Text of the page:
State of Wisconsin Mails Letters to Voters Who May Have Moved

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MADISON, WI – The State of Wisconsin is mailing letters this week to approximately 234,000 registered voters who may have moved in-state or out of Wisconsin.

“We want voters to be prepared for 2020,” said Meagan Wolfe, Wisconsin’s chief elections official.  “This mailing is designed to help people who may have moved within Wisconsin make sure they’re ready to vote next year. It will not keep anyone eligible from voting.” 

“If you move, even to an apartment in the same building, you must update your voter record by reregistering,” Wolfe said. 

The Wisconsin Elections Commission is sending the letters to voters who have told another government agency that they have moved recently.  These voters may have changed their address with the post office, updated their address with the Wisconsin DMV or applied for a driver license in another state. 

The 2019 movers mailing will be different than previous mailings, Wolfe said. “We learned some important lessons from our first movers mailing in 2017, and our goal is to make this new mailing simple for voters to use.”

Instead of a folded postcard, recipients will get a letter with a perforated, tear-away postcard.  Voters who have not moved can return the tear-away postcard or they can go online to MyVote.WI.gov to confirm their current address.  Voters who have moved can reregister online at MyVote, by mail, at their municipal clerk’s office or at their polling place on Election Day.

Wolfe said WEC staff tested the mailing with clerks and voters to arrive at the best design.  “We have streamlined the way we identify voters who may have moved, made our mailing more user-friendly, and given voters a self-serve option to certify or update their address in advance of Election Day,” she said.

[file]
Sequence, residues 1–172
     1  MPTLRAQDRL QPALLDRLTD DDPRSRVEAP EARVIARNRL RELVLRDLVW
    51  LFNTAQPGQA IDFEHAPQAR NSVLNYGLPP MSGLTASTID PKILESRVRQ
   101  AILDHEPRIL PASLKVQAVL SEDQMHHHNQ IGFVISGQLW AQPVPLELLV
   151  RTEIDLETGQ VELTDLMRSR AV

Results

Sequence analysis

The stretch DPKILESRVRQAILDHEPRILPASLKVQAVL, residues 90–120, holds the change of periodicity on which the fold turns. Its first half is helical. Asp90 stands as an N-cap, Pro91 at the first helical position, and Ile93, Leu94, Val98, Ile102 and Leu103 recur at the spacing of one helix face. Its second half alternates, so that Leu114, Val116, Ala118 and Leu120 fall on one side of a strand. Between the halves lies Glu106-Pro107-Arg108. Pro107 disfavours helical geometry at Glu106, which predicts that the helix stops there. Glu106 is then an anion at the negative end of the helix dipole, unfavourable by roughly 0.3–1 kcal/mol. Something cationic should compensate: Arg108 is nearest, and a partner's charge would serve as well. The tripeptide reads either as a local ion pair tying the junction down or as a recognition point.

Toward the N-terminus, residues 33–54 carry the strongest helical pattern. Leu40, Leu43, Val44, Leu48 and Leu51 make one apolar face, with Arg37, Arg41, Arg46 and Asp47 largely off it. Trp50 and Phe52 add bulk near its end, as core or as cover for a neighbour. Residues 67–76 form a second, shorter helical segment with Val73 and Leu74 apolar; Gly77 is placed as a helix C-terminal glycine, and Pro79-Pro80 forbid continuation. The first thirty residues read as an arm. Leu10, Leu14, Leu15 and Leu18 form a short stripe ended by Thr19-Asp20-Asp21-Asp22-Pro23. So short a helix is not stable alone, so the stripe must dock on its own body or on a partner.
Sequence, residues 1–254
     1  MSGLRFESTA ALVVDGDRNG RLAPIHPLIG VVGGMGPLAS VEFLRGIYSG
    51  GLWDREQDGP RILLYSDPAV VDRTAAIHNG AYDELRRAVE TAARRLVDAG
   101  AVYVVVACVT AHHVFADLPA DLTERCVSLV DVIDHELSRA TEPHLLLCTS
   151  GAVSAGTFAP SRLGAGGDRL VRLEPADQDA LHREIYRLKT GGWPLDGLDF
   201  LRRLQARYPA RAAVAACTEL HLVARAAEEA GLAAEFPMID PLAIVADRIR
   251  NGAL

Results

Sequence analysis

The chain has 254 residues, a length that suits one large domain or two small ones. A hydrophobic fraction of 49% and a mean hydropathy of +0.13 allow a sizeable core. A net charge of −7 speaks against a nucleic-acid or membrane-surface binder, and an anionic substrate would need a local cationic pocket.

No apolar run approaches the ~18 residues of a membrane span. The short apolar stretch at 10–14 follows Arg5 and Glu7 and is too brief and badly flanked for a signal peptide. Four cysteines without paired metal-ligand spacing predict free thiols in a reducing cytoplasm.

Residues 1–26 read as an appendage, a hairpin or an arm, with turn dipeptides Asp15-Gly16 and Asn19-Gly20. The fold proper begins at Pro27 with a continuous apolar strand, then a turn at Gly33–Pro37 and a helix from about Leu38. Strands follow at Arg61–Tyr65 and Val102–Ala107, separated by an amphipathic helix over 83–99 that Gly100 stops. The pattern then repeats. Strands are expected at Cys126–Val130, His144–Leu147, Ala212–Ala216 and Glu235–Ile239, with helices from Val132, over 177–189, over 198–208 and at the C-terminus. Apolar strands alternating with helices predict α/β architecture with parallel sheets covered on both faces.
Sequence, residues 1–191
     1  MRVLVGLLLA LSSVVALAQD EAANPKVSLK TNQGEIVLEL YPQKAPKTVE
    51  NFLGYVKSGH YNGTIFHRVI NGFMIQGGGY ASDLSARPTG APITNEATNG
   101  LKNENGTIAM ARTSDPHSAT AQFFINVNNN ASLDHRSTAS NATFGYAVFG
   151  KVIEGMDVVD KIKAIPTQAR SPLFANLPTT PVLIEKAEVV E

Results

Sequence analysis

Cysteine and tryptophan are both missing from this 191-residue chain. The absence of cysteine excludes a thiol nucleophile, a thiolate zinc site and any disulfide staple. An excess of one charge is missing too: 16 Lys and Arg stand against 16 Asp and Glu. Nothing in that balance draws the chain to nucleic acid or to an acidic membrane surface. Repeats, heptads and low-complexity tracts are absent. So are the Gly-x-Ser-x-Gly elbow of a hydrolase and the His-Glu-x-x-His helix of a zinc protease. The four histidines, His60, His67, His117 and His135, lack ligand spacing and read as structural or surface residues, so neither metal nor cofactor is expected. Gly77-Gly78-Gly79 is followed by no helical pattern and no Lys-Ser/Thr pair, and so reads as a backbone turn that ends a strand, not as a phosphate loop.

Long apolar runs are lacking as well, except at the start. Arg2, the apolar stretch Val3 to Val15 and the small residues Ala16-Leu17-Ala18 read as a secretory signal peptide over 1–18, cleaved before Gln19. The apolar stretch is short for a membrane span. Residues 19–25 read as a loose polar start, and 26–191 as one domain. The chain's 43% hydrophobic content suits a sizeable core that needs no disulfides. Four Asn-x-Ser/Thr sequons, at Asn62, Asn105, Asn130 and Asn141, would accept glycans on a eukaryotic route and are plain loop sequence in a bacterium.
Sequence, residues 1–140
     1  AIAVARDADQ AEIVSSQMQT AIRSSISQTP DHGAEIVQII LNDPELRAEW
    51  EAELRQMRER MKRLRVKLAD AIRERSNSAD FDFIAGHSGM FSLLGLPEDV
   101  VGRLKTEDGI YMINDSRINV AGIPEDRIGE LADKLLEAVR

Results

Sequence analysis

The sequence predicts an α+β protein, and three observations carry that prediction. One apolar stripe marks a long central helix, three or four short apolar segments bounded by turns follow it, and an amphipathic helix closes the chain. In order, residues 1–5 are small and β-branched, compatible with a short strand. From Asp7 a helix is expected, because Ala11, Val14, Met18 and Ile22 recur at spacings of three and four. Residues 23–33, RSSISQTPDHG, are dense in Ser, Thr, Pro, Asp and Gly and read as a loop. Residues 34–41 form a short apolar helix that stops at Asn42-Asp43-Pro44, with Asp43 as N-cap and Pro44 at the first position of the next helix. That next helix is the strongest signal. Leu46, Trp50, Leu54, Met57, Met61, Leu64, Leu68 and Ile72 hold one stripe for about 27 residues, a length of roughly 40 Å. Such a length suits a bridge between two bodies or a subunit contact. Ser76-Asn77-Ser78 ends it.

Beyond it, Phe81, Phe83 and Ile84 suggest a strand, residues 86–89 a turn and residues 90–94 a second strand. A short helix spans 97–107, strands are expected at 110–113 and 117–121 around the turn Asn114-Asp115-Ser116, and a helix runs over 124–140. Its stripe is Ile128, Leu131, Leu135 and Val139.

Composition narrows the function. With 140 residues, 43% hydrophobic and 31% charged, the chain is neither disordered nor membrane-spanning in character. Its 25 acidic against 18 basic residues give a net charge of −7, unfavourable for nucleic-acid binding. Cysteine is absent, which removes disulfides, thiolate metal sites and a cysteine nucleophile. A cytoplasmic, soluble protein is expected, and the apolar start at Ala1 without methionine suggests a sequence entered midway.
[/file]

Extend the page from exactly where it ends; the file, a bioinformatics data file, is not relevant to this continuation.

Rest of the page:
Another important change from 2017 is that voters who get the mailing will not be automatically removed from the active voter list if they do not respond to the mailing within a month.  Voters who are sent the 2019 movers mailing will remain on the active poll list until after the April 2021 Spring Election.  Those who have not voted or reregistered by then will be deactivated.

Wolfe noted that some voters who recently reregistered online may receive the letter because the mailing list is based on data from July 2019. “Voters who reregistered in the last few months can disregard this mailing,” she said.  “Voters with questions about their status can check it online at MyVote.WI.gov or give us a call at 1-866-VOTE-WIS.

The WEC compiled the mailing list with help from the Electronic Registration Information Center (ERIC), a multi-state group that helps its members keep their voter registration lists current by identifying voters who may have changed their address, moved out of state or died.  One of the requirements of membership in ERIC is to send mailings to voters who may have moved.

The movers mailing is one of many ways the Elections Commission helps Wisconsin’s 1,850 municipal clerks keep the voter list current.  “Working together with Wisconsin’s clerks, the Commission is improving data quality to make the voter list more accurate,” Wolfe said.  “This has many benefits to Wisconsin voters and taxpayers, both in the election process and in the costs of conducting elections.”

Voter Registration and List Maintenance Facts

  • Wisconsin has a voting-age population of 4,522,297 people, according to estimates by the state’s Demographic Services Center.
  • Of those, 3,329,127 people were actively registered to vote on October 1, 2019.  
  • Wisconsin has had a statewide voter registration list since 2006. State law sets out procedures for election officials to remove ineligible people from the list, including those who have died, moved, been convicted of a felony or found incompetent to vote.
  • In 2016, Wisconsin joined the multi-state Electronic Registration Information Center, which provides members with additional tools to keep their voter lists current by identifying eligible residents who are not registered, as well as voters who may have moved or died out of state.
  • This is Wisconsin’s second mailing to contact voters who may have moved. The first mailing in 2017 went to approximately 343,000 voters.
  • In September of 2016, Wisconsin mailed postcards to 1.28 million people identified by ERIC as being eligible to vote but unregistered, encouraging them to register to vote.  In June of 2018, similar postcards were mailed to approximately 384,000 eligible but unregistered voters.
  • A spreadsheet containing the number of letters sent to voters in each Wisconsin municipality is available with this news release on the WEC website.

More information about the ERIC list maintenance process is posted to the Commission’s website: https://elections.wi.gov. 

NOTE TO EDITORS:  An image of a sample Election Mail letter is attached.  Your publication of the sample postcard as companion art to a story will help assure voters it is not a scam.
 

For more information, contact

Reid Magney, Public Information Officer, 608-267-7887, reid.magney@wi.gov